Page Banner

United States Department of Agriculture

Agricultural Research Service


item Hanson, Linda
item Gallian, John

Submitted to: Plant Disease
Publication Type: Peer Reviewed Journal
Publication Acceptance Date: 11/21/2002
Publication Date: 2/1/2003
Citation: Hanson, L.E., Gallian, J.J. 2003. The perfect stage of powdery mildew of sugar beets found in idaho and colorado. Plant Disease.

Interpretive Summary: Sugar beet powdery mildew has been a significant problem in many areas of the U.S. since the first major epidemic in 1974. The disease has been caused by the asexual form of the pathogen. However, in 2001, cleistothecia, evidence of the sexual stage, were found, first in southwestern Idaho, and later in south-central Idaho and northern Colorado. This has implications for breeding for resistance to the disease and managing fungicide resistance, since the sexual stage provides a means of genetic recombination in this fungus.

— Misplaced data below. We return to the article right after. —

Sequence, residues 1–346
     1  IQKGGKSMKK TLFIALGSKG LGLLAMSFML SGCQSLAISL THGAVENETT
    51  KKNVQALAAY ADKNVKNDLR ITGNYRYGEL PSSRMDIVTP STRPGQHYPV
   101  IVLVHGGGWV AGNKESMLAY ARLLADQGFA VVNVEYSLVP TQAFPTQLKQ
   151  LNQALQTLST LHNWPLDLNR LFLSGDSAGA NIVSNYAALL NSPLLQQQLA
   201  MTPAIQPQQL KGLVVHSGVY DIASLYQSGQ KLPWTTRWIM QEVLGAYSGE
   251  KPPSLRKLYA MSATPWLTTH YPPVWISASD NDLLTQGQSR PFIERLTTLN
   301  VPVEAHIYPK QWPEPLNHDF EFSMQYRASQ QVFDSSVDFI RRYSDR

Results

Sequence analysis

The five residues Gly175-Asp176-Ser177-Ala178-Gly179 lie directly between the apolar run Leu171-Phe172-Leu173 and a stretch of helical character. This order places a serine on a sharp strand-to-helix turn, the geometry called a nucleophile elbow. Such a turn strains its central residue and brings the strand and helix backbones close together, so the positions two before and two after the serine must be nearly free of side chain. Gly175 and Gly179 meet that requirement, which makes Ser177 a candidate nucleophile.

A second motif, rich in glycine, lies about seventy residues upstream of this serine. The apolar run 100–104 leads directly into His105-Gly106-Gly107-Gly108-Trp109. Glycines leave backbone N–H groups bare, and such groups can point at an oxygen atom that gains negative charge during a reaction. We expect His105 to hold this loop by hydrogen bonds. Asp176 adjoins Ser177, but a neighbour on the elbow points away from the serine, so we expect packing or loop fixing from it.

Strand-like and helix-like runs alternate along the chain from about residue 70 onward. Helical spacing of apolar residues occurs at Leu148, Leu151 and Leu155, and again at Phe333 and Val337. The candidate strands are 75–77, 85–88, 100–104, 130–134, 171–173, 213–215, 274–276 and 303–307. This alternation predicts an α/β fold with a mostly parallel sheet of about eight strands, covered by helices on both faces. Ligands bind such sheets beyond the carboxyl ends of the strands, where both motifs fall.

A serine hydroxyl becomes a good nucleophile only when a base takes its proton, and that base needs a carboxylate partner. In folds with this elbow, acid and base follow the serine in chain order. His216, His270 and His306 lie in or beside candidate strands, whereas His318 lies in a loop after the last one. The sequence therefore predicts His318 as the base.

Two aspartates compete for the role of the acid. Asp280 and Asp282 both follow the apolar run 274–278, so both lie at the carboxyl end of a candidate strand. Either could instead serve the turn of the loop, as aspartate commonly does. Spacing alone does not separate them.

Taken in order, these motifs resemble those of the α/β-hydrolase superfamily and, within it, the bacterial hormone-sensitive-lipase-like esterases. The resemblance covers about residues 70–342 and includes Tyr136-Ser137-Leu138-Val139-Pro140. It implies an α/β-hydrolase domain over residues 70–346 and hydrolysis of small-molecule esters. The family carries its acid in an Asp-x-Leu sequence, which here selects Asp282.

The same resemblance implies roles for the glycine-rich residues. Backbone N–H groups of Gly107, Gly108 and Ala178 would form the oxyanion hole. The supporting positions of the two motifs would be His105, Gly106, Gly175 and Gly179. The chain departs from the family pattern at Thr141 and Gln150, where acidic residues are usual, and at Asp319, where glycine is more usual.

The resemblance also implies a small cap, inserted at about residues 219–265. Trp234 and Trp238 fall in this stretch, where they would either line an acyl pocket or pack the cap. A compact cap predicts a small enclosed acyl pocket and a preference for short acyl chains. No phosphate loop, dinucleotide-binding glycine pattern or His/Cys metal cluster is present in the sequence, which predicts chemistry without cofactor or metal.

Technical Abstract: Powdery mildew [Erysiphe polygoni DC (syn. E. betae {Vanha} Weltzien)] of sugar beet (Beta vulgaris L.) has been a significant problem in many sugar beet growing areas of the U.S. since the first serious epidemic in 1974. Disease has been attributed solely to the asexual stage of the pathogen in the U.S., except for one report of the perfect stage in a single field in the state of Washington coincidental with the 1974 epidemic. In August 2001, cleistothecia were observed in several fields in southwestern Idaho. The perfect stage was widespread and easily found. Subsequently, cleistothecia were found in September and October in multiple fields in three additional counties in southwestern and south-central Idaho and two counties in northern Colorado. A single host genotype is not required for perfect stage development because cleistothecia were found on 12 different commercial varieties in the two states and six breeding lines in Colorado. Because the ascigerous stage provides a means of genetic recombination, there is the potential for races of the pathogen to arise with greater frequency. This has serious implications for managing fungicide resistance and breeding for disease resistance to sugar beet powdery mildew.

Last Modified: 06/22/2017
Footer Content Back to Top of Page